Britain’s contribution to popular music has been immense. From the early influence of black American music in the 1930’s and 40’s, British artists fused, innovated, and invented musical genres that have spread across the planet. Consistently edgy and controversial, British music has reflected the social conditions of the time, from hopeful, psychedelic 60’s ‘flower power’ to angry, disillusioned 70’s ‘punk’; from confident, flippant 80’s ‘new romantic’ to introspective, moody 90’s ‘trip hop’. And this is just the tip of the iceberg. Indie, Brit-hop, garage, heavy metal, bhangra, drum & bass, new wave, acid house, grindcore, UK garage, ska, prog rock, skiffle, and glam rock are just some of the avenues that British artists have innovated and developed over the past sixty years.Despite the current ‘X-Factor’ shit being pedalled at gullible teenagers, the British have a huge appetite for edgy, innovative music, and it will always be something that Britain does very, very well.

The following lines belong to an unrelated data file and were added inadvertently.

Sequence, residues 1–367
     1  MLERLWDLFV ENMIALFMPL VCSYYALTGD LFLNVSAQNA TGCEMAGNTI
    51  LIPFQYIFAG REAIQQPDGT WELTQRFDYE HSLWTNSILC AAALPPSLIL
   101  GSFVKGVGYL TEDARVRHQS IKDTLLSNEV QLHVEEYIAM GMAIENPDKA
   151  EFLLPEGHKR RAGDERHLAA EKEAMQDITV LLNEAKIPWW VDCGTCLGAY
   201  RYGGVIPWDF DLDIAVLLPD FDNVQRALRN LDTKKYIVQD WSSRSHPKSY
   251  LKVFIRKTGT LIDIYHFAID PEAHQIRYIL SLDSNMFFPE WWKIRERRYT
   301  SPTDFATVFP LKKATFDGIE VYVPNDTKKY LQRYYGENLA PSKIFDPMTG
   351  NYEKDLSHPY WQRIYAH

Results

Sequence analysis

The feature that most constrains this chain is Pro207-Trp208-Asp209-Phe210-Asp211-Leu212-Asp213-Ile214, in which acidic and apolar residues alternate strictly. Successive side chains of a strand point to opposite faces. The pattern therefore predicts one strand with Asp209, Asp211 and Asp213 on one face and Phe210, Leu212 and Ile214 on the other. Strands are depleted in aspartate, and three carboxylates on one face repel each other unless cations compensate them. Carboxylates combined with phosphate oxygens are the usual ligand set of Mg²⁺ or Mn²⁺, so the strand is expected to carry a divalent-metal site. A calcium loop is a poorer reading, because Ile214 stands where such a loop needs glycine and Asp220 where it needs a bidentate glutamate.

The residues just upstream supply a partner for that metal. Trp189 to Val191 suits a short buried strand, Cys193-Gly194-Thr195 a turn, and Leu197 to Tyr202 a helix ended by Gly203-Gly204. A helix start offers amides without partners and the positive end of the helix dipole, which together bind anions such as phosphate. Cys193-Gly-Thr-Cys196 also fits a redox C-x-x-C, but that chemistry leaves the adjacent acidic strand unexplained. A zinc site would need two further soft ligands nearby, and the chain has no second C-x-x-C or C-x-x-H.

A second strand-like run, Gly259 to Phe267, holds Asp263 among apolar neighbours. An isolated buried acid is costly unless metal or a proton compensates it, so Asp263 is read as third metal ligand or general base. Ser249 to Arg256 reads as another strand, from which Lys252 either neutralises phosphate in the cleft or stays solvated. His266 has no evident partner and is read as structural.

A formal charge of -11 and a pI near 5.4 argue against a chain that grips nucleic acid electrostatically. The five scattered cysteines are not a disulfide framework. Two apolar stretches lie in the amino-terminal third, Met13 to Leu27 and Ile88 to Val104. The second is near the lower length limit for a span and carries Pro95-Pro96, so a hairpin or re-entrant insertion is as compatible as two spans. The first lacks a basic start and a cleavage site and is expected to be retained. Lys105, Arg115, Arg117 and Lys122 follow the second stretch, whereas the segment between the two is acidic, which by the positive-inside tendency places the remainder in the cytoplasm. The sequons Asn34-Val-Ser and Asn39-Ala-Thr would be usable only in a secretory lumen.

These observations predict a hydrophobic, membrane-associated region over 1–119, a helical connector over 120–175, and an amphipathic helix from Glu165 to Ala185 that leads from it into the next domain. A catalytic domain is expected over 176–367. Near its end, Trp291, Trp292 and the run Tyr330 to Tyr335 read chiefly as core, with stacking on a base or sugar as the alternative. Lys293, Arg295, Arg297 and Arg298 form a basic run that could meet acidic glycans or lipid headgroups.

So that’s it, the glass isn't always half-empty. I think the British are just a bit cynical by nature, and we probably don't appreciate just how lucky we are in some respects.